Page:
Mises Daily

A
A
Home | Library | Equality and the Internet

Equality and the Internet

July 16, 1999

Tags Global EconomyMedia and CultureU.S. EconomyU.S. History

Here’s a test concerning your political philosophy.

First the facts, from Forrester Research, as reported in the Wall Street Journal: right
now, 64 percent of Asian-American households are on-line, whereas only 34 percent of white
households are on-line. That’s a disparity of 30 points.

Now the test. Do you regard this as: 1) proof that Asians are privileged oppressors who need to be
put in their place; 2) a grave crisis that needs to be remedied through legislation and
redistribution; or 3) a point of trivial demographic interest with no political relevance
whatsoever?

Surely #3 is the only answer that fits with good sense. There may be interesting reasons why
Asians are more likely to be on-line, and there’s nothing wrong with speculating. But the bottom
line is that more individuals who are Asian have chosen to be on-line than individuals
who are not Asian.

Each person chooses according to individual preferences. That the members of one group tend to
make different choices than the members of another group says nothing about who is oppressing
whom, much less about what the political response should be to demographic trivialities.

Why, then, has the political class thrown itself into a tizzy about equalizing access to the Internet?
Why is Clinton running around the country warning of grave disparities in on-line access and
promising to remedy them with government prodding of the private sector and technological
central planning?

The fact that set off this bluster is this: among blacks 23 percent are on-line, compared with 34
percent of whites. Note that, according to this survey, the disparity is 11 points as compared to
the white-Asian disparity of 30 points. Note too that today’s rate of black on-line use is identical
to the white rate of only two years ago.

These figures are from Forrester Research, while the Commerce Department shows a larger
"racial gap" of three white users per one black user. On the other hand, a study by the Commerce Department also reveals a stunning racial gap that runs the other way. Among black households
earning more than $75,000 per year, 54 percent are on-line, while only 17 percent of white
household earning between $15,000 and $35,000 are on-line.

Clearly, income and not race is the crucial factor in the latter statistics. But for those with wild
imaginations, these figures might elicit an elaborate conspiracy theory of rich blacks not only
hogging personal computers from whites, but also using these computers to keep whites poor and
subservient. It’s all in the spin.

Not only that; the figures themselves are subject to wild manipulation. At what pace is access
increasing? (Some surveys show a 50 percent minority increase in one year.) How are the income
groups broken down? (Typically surveys break down data by income or race but not both.) Are
we talking about individuals or households ? (Data are easily skewed by a million demographic
variables.) Are we talking about home or work access? (A New York Times story
treated work as versus home access as a sign of economic deprivation, when it could easily
indicate the opposite.)

All this statistical meddling is animated by grave errors on the part of government.

The first is material egalitarianism, the belief that all groups and individuals should own and use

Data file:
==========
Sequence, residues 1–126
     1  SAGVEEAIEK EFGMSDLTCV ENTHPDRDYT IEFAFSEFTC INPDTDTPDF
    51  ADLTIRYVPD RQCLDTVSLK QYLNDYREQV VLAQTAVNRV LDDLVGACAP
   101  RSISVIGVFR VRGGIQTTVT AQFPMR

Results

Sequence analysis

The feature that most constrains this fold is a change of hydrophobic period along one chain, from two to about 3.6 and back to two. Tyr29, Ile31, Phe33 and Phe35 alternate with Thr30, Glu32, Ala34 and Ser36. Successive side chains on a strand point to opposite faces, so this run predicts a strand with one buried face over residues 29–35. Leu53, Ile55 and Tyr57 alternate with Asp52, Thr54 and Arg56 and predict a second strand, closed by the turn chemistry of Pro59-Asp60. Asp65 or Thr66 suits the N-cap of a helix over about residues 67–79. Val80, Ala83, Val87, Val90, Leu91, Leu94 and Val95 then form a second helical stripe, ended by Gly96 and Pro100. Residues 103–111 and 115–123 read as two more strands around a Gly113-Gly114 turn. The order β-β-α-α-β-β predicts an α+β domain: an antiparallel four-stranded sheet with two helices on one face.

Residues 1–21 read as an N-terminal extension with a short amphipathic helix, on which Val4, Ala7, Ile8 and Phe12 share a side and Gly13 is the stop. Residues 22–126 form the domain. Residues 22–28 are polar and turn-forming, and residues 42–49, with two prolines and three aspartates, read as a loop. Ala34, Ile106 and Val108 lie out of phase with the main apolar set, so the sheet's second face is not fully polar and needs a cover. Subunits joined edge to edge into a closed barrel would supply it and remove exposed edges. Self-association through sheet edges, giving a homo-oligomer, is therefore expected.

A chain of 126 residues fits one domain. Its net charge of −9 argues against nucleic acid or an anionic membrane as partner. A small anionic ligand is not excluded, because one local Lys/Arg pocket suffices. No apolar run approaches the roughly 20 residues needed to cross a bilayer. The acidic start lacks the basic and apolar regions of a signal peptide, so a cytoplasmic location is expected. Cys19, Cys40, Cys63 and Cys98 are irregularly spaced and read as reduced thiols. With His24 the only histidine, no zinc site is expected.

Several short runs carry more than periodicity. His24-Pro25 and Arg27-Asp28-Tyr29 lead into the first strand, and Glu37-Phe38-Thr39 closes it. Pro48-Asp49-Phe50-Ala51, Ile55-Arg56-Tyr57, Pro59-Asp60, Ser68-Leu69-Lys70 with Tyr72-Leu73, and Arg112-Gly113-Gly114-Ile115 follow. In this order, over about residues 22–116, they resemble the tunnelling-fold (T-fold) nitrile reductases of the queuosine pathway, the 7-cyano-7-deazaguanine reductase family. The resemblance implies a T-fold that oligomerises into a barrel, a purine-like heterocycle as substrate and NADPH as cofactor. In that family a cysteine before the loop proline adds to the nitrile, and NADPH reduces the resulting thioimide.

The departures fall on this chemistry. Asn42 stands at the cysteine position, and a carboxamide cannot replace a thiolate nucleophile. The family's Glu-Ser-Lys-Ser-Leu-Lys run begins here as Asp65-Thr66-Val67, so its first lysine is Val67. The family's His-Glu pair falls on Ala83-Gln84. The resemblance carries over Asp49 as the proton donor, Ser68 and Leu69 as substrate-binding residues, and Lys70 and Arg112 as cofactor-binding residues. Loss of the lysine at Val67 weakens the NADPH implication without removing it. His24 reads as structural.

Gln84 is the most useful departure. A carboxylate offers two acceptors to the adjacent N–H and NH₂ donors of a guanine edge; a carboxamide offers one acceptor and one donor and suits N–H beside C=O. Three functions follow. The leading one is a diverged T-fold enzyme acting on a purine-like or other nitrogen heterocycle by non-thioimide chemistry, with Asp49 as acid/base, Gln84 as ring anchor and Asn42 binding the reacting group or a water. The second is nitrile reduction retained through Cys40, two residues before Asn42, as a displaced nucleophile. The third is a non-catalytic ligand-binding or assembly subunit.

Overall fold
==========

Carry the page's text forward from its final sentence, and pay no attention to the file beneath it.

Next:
identical goods and services, or no one should be permitted to own and use them. It is this error,
for example, that leads socialists to decry income disparities as such, without comparing the
plight of the poor in the absence of the rich.

Egalitarians are driven by the sin of envy, which is institutionalized in the redistributionist state.
This is the dastardly impulse to destroy what you do not or cannot have. Those who believe in
the politics of envy, for example, don’t care that the welfare state doesn’t materially benefit the
poor in the long run, so long as the rich are hurting from all the taxation.

In the case of the Internet, we could achieve equality immediately by destroying all computers. So
long as we don’t want to do that, inequality in access (as in everything) will be a permanent
feature. Does it ever occur to the Internet egalitarians that some people might have better things
to do than surf the web? Why should the priorities of the techno-statist elite supercede those of
regular people?

Another grave error is the impulse toward forcing mass technological distribution. It was Stalin’s
desire for industrialization that led to the death of millions. It was FDR’s desire to industrialize
the South that brought about the flooding of the South’s best farm land. Clinton’s Internet
program merely replicates the same political impulse on a different level.

These errors are behind the attempt to whip up hysteria about Internet access. The statists among
us are merely seizing on another arena in which to sell their socialist claptrap. The risk is that
they will saddle emerging Internet markets with so many mandates that innovation will be slowed
and distribution channels interrupted.

Data on the racial use of net technology may be of commercial interest, but they spell nothing but
trouble when they fall into the hands of politicians. As with all areas of the policy, the answer is
for groups and individuals to make peace with the diversity the market economy, the only source
of mass material prosperity that mankind has ever known.

* * * * * *
Llewellyn H. Rockwell, Jr., is president of the
Ludwig von Mises Institute in Auburn, Alabama.



Note: The views expressed on Mises.org are not necessarily those of the Mises Institute.

Follow Mises Institute